Photo Credit: Courtesy, Sheba Hospital
Sheba Hospital in Tel Aviv.

The extreme heat wave, or “sharav” that began on Saturday in Israel has brought with it warnings to Israelis not to forget to keep drinking water.

Those with medical conditions, the elderly, young, and pregnant are urged to remain indoors with fans or air conditioning as much as possible.


Temperatures spiked on Sunday, reaching into the 40s celsius (100s fahrenheit) in desert and beach areas such as Eilat, where it reached as high as 45 / 113 degrees.

At least 440 people so far have been treated between Saturday and Monday mornings for heat exhaustion, dehydration, fainting and other results of the heat wave. The Magen David Adom emergency medical response service said it has been called to treat hundreds of people. More than 30 were dehydrated, and nearly 200 had fainted.

Three suffered from heat stroke. Among those were an eight-year-old girl who was hiking near Nachal Tavor in the Lower Galilee, and a 40-year-old man, found semi-conscious on Sunday on the roof of a building in Lod. Both were hospitalized in serious condition.

The extreme heat is expected to continue at least into Tuesday.


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Hana Levi Julian is a Middle East news analyst with a degree in Mass Communication and Journalism from Southern Connecticut State University. A past columnist with The Jewish Press and senior editor at Arutz 7, Ms. Julian has written for, and other media outlets, in addition to her years working in broadcast journalism.


  1. Another wake-up call to the urgency of working to avert a climate catastrophe. Time for the Jewish community to be actively involved.

    Here are ten reasons Jews (and everyone else) should be concerned about climate change:
    1. Leaders of the 195 nations that met at the climate change conference in Paris in December 2015, science academies worldwide, 97% of climate scientists, and 99.9% of peer-reviewed papers on the issue in respected scientific journals agree that climate change is real, is largely caused by human activities, and poses great threats to humanity.
    2. Every decade since the 1970s has been warmer than the previous decade and all of the 17 warmest years since temperature records were kept in 1880 have been since 1998. 2015 was the warmest year since temperature records were kept in 1880, breaking the record just set in 2014. January 2016 was the warmest January since 1880 and the previous 8 months were also record breakers for their respective months.
    3. Polar icecaps and glaciers worldwide have been melting rapidly, faster than scientific projections.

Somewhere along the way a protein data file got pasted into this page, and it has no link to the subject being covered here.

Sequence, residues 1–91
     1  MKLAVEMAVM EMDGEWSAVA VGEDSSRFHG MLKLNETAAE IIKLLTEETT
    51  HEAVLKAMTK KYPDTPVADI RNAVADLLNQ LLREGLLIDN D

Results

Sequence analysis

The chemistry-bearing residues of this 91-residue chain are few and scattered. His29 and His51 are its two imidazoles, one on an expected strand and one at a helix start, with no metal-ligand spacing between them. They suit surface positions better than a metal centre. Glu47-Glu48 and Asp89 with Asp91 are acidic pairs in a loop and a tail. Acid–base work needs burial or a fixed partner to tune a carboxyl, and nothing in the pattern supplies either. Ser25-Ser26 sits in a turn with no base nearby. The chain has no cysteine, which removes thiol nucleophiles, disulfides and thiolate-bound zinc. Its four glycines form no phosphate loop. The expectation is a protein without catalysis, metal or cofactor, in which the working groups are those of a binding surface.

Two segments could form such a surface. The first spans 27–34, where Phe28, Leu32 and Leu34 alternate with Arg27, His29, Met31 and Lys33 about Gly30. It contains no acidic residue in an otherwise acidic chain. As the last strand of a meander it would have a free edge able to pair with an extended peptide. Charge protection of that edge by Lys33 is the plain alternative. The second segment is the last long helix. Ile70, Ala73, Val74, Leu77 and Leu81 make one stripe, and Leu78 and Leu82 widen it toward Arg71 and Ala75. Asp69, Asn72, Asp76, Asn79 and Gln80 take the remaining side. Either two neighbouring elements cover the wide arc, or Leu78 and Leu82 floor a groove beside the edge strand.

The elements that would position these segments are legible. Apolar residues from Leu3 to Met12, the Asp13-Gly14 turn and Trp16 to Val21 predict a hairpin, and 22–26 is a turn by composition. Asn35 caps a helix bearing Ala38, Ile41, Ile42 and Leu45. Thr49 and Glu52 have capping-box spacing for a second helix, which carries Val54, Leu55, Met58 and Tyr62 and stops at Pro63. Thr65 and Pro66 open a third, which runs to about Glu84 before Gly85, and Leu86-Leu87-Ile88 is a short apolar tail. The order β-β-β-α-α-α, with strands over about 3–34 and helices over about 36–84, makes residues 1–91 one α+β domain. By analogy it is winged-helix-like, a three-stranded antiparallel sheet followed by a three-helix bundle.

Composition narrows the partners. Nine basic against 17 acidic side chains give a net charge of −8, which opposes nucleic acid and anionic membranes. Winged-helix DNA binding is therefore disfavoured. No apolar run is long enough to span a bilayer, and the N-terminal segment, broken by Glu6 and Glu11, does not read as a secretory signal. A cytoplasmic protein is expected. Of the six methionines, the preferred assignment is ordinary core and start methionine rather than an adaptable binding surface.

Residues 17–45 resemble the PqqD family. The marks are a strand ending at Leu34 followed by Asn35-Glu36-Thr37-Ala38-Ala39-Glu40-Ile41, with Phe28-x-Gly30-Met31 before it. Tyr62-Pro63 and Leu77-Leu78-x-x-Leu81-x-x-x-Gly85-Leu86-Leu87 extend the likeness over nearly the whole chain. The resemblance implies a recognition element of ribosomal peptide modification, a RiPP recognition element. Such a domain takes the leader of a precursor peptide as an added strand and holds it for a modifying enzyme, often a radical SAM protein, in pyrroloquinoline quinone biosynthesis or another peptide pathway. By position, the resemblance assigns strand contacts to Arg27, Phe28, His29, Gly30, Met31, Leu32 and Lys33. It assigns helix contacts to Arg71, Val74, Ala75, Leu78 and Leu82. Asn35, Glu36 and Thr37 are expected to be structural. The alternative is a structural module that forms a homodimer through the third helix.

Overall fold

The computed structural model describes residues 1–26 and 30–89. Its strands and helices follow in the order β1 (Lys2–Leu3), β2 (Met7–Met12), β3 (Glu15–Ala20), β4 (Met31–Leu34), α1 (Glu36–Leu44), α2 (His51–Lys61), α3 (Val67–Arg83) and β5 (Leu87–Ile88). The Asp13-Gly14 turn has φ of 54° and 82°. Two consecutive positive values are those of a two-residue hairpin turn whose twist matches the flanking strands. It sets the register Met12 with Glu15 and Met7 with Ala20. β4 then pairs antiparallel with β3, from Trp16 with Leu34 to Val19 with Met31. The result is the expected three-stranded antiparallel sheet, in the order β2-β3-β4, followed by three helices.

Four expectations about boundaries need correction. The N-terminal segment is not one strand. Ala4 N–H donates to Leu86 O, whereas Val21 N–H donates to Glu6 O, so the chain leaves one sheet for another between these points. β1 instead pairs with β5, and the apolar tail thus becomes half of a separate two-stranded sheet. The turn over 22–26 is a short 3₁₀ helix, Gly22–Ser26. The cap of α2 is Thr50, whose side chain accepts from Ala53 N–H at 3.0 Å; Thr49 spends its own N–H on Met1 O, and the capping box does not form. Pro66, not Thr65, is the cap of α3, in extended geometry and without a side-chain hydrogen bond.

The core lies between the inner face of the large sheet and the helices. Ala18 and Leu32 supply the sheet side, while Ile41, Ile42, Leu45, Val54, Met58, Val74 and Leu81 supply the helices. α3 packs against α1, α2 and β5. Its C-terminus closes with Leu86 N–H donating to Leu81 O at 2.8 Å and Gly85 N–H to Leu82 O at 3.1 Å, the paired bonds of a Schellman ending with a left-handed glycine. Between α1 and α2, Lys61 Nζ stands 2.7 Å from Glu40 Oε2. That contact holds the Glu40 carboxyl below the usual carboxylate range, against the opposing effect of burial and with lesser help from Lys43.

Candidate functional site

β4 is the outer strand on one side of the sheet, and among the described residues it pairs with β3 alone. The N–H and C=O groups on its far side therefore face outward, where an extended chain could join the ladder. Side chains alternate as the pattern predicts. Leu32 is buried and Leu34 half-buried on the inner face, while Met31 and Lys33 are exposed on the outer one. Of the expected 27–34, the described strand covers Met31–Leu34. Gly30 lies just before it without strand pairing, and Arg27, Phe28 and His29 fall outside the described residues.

4. There has been an increase in the number and severity of droughts, wildfires, storms, and floods.
    5. California has been subjected to so many severe climate events (heat waves, droughts, wildfires, and mudslides when heavy rains occur) recently that its governor, Jerry Brown, stated that, “Humanity is on a collision course with nature.”
    6. Many climates experts believe that we are close to a tipping point when climate change will spiral out of control, with disastrous consequences, unless major positive changes soon occur.
    7. While climate scientists believe that 350 parts per million (ppm) of atmospheric CO2 is a threshold value for climate stability, the world reached 400 ppm in 2014, and the amount is increasing by 2 – 3 ppm per year.
    8. While climate scientists hope that temperature increases can be limited to two degrees Celsius (3.6 degrees Fahrenheit), largely because that is the best that can be hoped for with current trends and momentum, the world is now on track for an average increase of 4 – 5 degrees Celsius, which would produce a world with almost unimaginably negative climate events .
    9. The Pentagon and other military groups believe that climate change will increase the potential for instability, terrorism, and war by reducing access to food and clean water and by causing tens of millions of desperate refuges fleeing from droughts, wildfire, floods, storms, and other effects of climate change.
    10. Last, but far from least, the Israel Union for Environmental Defense has projected that, unless major changes soon occur, climate change in Israel will cause an average temperature rise up to 6 degrees Fahrenheit, a 20-30 percent decrease in precipitation, increasing desertification, and a possible inundation of the coastal plain where most Israelis live by a rising Mediterranean Sea.

    As president emeritus of Jewish Veg (formerly Jewish Vegetarians of North America), I want to stress that animal agriculture is a major contributor to climate change, emitting more greenhouse gase (in CO2 equivalents) than alll the cars and other means of transportion combined, according to a 2006 UN Food and Agriculture report, "Livestock's Long Shadow."

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